A rotund man sits at a typewriter, his sausage fingers dance over the old Underwood, and he puts down his thoughts, his gospel if you will. He is revered or feared by all, there isn’t any middle ground. He is the restaurant critic for the Brooklyn Daily News. If he likes a new restaurant then it will rocket up the charts quicker than a Wall Street broker chasing his secretary. If he unsheathes his poison pen then the restaurant owners will be spending their days in the serving line of the local soup kitchen. The clicking of key strikes is like a symphony to Francis Le Mangez. Today he is happy and full. “The soup was a delight and made me want to weep with joy. The Singe Café’s, famous, monkey flambé, in a white wine sauce, tasted as if it had been prepared by angels and I savored each bite. If you go out for monkey only once this year, make it the ‘Singe Café’.”
Francis had an office across from Henry. Henry liked Francis and they would occasionally discuss food, politics and baseball, while throwing back highballs at the bar on the corner. Francis was a food snob, but he could also appreciate a greasy burger and a beer. As Henry put the key in his office door, Francis popped his head out, and said, “Your cop friend was here looking for you. I took a message.”
He was, “What was the message?”
“Tell Henry to call me as soon as he gets back.” said Francis, as he handed the tiny piece of paper to Henry, with a pretentious scowl. Francis and Mike McDermott didn’t get along.
“Thanks”, said Henry, “Eat anything good lately?”
“I had a wonderful dinner at The Singe Café on 17th street last night. I am writing it up now.” He said, and whirled around and disappeared into his office.
Henry walked into the Wood Detective agency and put his hat on the hook by the door. He took off his overcoat and hung it next to the hat. He sat behind his desk, put his feet up and looked at the pencil. The numbers, so neatly written, were a message. He felt it was a message specifically to him, but he didn’t know what it was, or what he was supposed to do.
He picked up the phone and called Mike. Mike McDermott had been in law enforcement for as long as Henry could remember. He solved more cases than anyone in the 5 boroughs, by using his razor sharp analytical mind, and sometimes a massive right hook. Mike loved chess and music. He had every recording of Enrico Caurso. He also enjoyed gardening and had an encyclopedic knowledge of root vegetables. When he was young, his nickname was ‘Yam’. He was called ‘yam’ until a couple of fights and a growth spurt between his 9th and 10th grade years. After that he was called ‘Big Mike’. Henry just called him Mike. Mike McDermott didn’t have any use for private dicks, but he liked Henry.
The phone rang once and the voice on the other end bellowed, “Mike here…go.”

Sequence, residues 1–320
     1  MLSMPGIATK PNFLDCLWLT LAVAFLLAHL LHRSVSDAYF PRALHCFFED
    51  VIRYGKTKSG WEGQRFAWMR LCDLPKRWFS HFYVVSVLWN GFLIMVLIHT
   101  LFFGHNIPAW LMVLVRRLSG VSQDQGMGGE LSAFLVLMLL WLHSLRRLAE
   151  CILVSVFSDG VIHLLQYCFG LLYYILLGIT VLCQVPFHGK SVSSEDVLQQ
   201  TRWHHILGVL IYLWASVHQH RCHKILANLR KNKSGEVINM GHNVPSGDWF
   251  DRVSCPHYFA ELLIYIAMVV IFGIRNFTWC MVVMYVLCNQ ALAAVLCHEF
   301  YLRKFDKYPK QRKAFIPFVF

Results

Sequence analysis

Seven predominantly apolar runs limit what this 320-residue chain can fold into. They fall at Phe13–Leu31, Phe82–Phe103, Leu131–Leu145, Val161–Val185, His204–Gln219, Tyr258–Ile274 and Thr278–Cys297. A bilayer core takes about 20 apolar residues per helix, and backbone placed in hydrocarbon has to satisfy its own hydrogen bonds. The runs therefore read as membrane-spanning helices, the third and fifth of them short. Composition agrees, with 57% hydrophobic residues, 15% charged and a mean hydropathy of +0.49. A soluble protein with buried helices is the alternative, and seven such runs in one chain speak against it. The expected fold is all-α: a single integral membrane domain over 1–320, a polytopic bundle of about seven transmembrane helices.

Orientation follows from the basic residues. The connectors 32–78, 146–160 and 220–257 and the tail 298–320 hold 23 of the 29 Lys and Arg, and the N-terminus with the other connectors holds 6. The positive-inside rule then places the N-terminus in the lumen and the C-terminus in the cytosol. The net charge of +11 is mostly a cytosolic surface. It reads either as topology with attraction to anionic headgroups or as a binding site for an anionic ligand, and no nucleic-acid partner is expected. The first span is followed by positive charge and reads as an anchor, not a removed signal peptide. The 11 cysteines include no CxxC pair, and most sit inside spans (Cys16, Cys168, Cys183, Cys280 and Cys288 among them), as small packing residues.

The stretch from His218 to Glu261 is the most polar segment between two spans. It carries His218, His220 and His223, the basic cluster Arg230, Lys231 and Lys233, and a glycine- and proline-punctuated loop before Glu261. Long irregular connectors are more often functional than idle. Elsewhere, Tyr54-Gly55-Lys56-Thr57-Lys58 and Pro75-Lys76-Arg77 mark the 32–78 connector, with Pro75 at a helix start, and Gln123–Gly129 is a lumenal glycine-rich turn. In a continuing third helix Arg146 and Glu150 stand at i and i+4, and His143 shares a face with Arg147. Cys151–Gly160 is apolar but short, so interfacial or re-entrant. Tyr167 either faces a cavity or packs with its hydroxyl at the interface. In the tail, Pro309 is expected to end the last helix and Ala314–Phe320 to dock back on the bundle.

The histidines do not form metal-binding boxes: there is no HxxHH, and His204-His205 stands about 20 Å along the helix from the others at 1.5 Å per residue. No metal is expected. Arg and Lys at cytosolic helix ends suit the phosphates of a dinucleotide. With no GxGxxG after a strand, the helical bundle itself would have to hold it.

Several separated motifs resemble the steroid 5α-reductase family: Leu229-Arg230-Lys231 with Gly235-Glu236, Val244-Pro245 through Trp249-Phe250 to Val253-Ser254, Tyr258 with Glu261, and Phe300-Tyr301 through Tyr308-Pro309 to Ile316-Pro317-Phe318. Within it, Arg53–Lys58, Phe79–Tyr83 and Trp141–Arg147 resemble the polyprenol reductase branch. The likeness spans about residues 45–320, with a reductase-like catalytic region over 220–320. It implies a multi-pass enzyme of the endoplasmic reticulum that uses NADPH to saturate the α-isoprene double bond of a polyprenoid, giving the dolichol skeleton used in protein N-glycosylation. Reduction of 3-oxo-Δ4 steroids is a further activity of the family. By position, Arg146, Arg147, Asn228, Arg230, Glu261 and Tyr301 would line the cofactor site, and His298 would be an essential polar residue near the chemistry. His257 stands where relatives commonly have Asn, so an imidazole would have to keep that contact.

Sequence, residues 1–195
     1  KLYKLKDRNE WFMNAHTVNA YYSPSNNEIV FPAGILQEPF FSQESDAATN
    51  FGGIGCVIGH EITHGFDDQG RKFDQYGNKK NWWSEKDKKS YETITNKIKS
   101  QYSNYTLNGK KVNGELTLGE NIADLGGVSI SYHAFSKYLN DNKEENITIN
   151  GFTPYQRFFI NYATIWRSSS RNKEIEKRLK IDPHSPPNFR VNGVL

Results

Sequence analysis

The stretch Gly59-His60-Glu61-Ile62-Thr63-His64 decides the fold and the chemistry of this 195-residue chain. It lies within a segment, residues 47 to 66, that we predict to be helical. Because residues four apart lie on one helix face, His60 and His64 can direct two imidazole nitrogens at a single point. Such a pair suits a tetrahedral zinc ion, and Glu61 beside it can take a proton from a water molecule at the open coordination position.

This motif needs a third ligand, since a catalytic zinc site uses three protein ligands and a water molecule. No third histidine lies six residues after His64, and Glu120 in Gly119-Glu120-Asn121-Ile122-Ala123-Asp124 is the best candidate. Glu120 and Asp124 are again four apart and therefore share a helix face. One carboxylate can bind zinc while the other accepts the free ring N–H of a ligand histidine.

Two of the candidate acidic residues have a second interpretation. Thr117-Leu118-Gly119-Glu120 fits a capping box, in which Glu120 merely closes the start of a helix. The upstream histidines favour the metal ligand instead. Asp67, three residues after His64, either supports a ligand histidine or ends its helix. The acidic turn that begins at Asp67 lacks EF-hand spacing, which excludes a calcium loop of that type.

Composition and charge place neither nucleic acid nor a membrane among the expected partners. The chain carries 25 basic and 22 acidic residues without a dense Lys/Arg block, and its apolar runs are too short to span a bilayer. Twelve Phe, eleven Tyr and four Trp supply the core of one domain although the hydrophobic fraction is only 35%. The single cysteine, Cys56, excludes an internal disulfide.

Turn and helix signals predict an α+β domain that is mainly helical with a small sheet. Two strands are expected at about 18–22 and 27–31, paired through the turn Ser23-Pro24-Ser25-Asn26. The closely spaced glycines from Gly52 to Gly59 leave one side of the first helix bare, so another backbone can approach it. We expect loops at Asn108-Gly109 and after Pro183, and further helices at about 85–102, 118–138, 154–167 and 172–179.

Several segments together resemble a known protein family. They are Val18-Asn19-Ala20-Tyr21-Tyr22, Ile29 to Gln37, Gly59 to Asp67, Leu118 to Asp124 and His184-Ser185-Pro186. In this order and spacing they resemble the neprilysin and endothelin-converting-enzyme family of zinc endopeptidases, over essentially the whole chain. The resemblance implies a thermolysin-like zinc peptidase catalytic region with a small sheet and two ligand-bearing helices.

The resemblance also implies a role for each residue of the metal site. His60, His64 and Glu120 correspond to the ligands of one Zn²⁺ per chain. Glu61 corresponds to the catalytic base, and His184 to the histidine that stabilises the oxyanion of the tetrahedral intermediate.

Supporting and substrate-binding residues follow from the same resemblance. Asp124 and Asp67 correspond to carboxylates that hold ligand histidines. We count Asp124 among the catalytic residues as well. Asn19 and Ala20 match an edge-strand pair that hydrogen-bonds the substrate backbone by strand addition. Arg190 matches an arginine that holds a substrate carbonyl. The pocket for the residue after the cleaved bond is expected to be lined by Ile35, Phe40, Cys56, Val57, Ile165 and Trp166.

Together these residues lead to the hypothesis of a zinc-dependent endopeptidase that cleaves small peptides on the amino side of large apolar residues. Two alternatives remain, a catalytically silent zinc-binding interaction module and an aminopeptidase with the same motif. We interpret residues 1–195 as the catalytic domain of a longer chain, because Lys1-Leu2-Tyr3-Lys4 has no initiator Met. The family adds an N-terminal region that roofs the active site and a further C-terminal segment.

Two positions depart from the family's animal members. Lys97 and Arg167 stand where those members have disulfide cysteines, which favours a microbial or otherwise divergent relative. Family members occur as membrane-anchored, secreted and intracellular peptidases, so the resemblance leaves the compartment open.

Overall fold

“Mike, Henry here, I heard you were looking for me.”
“So Frenchy gave you my message. I am surprised.”
“He isn’t so bad you know.”
An audible grunt came over the line and Mike continued, “Word on the street is that you are poking around Smith, Havershome and Blickstein Law firm.”
“So what if I am?” Henry played it cool. He didn’t want to tip his hand. He actually didn’t even know what cards he was holding, but he figured if Big Mike had gotten wind, then something must be up.
“Listen Wood, This is serious business you are sticking your nose into. If you know anything, you best come clean, before you get hurt.” Mike said with an intimidating tone.
“You threatening me Mike?”
“Not me, but there are some dangerous people involved. I am trying to look after you.” He replied with a friendlier tone.
“Dangerous people eh?” Henry said, trying to sound confident and hoping Mike would give him a clue as to what was going on. Henry needed a clue.
“I’m talking about the mob. The word is that some accountant has gone missing and they are anxious to find him. He knows things, things that could make a lot of people really unhappy.”
“Thanks for the heads up. I will try to keep my head down.” Henry said, and hung up the phone.
Henry was unsure of his next move and decided to head home. When he checked his magic closet he found that there was another gift from the future. A plastic case with a silver disk in it and a thing called a DVD player with a tiny screen that looked sort of like a television. The DVD was entitled simply, “Tage Frid”, and it appeared it had come from 1997, as that was the copyright date on the back. Henry was delighted with his gift from the mysterious closet and when the screen came to life he marveled at the picture. It was in color.
Tage Frid came from Denmark in 1948, “after a couple of thousand students, I learned a few things” came from the tiny speakers, and after 75 minutes he had witnessed the charming old man teach him how he cuts dovetails, fixes a mistake, builds a drawer for a perfect fit, glues up pieces and his thought process in design. Tage Frid puts to use a jig he built 30 years ago. Henry quite liked the Danish woodworker’s style. He thought about the DVD and that it was made 40 years in the future, about a man who was old, but today, in 1955, Tage Frid is a young man, who just arrived in the US a few years ago. Henry watched the DVD twice and marveled at the beauty of his furniture. He hoped that the closet would send him more of these DVDs, as they were very entertaining. He wished he could show someone his new toy, but he never told anyone about the time portal in his closet, for he feared that if he did, it just might disappear.
Henry wondered what Francis would say, what sort of review he would give this Tage Frid show. Henry knew that his recommendation would be 5 stars. He carefully put the DVD back in its case and put it and the player in a drawer under a blanket. He went to bed, thinking about Tage Frid furniture, and thinking about the numbers, 1, 2, 3, 5, 7, and 23.
-- Brian Meeks, http://extremelyaverage.com